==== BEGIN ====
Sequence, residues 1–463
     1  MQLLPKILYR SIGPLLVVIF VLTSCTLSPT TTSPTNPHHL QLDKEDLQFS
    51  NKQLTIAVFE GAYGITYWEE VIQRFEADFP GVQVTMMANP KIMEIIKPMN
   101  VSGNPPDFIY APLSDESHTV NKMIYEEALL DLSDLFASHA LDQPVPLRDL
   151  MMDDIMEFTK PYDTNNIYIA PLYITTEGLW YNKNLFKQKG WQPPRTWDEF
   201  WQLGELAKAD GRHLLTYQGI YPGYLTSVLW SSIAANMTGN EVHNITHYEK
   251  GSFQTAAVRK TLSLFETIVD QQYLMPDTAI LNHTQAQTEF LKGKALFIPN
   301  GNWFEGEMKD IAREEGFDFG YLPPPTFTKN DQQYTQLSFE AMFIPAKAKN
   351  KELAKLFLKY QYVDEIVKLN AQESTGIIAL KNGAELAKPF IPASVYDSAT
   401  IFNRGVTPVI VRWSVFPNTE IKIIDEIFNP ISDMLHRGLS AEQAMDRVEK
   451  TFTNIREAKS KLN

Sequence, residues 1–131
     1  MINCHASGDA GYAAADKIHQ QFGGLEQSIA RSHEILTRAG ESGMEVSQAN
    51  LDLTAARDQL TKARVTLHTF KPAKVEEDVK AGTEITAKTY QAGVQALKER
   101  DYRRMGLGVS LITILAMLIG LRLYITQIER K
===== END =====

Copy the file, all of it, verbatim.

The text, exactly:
Sequence, residues 1–463
     1  MQLLPKILYR SIGPLLVVIF VLTSCTLSPT TTSPTNPHHL QLDKEDLQFS
    51  NKQLTIAVFE GAYGITYWEE VIQRFEADFP GVQVTMMANP KIMEIIKPMN
   101  VSGNPPDFIY APLSDESHTV NKMIYEEALL DLSDLFASHA LDQPVPLRDL
   151  MMDDIMEFTK PYDTNNIYIA PLYITTEGLW YNKNLFKQKG WQPPRTWDEF
   201  WQLGELAKAD GRHLLTYQGI YPGYLTSVLW SSIAANMTGN EVHNITHYEK
   251  GSFQTAAVRK TLSLFETIVD QQYLMPDTAI LNHTQAQTEF LKGKALFIPN
   301  GNWFEGEMKD IAREEGFDFG YLPPPTFTKN DQQYTQLSFE AMFIPAKAKN
   351  KELAKLFLKY QYVDEIVKLN AQESTGIIAL KNGAELAKPF IPASVYDSAT
   401  IFNRGVTPVI VRWSVFPNTE IKIIDEIFNP ISDMLHRGLS AEQAMDRVEK
   451  TFTNIREAKS KLN

Sequence, residues 1–131
     1  MINCHASGDA GYAAADKIHQ QFGGLEQSIA RSHEILTRAG ESGMEVSQAN
    51  LDLTAARDQL TKARVTLHTF KPAKVEEDVK AGTEITAKTY QAGVQALKER
   101  DYRRMGLGVS LITILAMLIG LRLYITQIER K